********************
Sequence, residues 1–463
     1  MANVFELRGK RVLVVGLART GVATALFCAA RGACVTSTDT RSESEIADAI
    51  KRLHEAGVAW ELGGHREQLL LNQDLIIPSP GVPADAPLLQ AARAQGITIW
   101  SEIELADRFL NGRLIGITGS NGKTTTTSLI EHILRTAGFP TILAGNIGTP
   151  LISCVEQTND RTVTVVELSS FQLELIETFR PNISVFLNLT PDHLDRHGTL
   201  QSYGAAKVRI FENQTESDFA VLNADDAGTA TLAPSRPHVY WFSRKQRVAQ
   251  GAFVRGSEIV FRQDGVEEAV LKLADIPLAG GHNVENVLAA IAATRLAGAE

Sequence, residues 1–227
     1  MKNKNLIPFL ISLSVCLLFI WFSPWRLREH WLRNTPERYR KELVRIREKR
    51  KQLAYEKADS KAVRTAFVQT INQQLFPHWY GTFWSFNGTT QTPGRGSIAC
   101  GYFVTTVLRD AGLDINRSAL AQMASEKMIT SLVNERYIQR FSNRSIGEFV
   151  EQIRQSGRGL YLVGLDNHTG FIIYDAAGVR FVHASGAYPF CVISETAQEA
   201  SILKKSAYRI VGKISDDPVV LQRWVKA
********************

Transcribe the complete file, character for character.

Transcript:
Sequence, residues 1–463
     1  MANVFELRGK RVLVVGLART GVATALFCAA RGACVTSTDT RSESEIADAI
    51  KRLHEAGVAW ELGGHREQLL LNQDLIIPSP GVPADAPLLQ AARAQGITIW
   101  SEIELADRFL NGRLIGITGS NGKTTTTSLI EHILRTAGFP TILAGNIGTP
   151  LISCVEQTND RTVTVVELSS FQLELIETFR PNISVFLNLT PDHLDRHGTL
   201  QSYGAAKVRI FENQTESDFA VLNADDAGTA TLAPSRPHVY WFSRKQRVAQ
   251  GAFVRGSEIV FRQDGVEEAV LKLADIPLAG GHNVENVLAA IAATRLAGAE

Sequence, residues 1–227
     1  MKNKNLIPFL ISLSVCLLFI WFSPWRLREH WLRNTPERYR KELVRIREKR
    51  KQLAYEKADS KAVRTAFVQT INQQLFPHWY GTFWSFNGTT QTPGRGSIAC
   101  GYFVTTVLRD AGLDINRSAL AQMASEKMIT SLVNERYIQR FSNRSIGEFV
   151  EQIRQSGRGL YLVGLDNHTG FIIYDAAGVR FVHASGAYPF CVISETAQEA
   201  SILKKSAYRI VGKISDDPVV LQRWVKA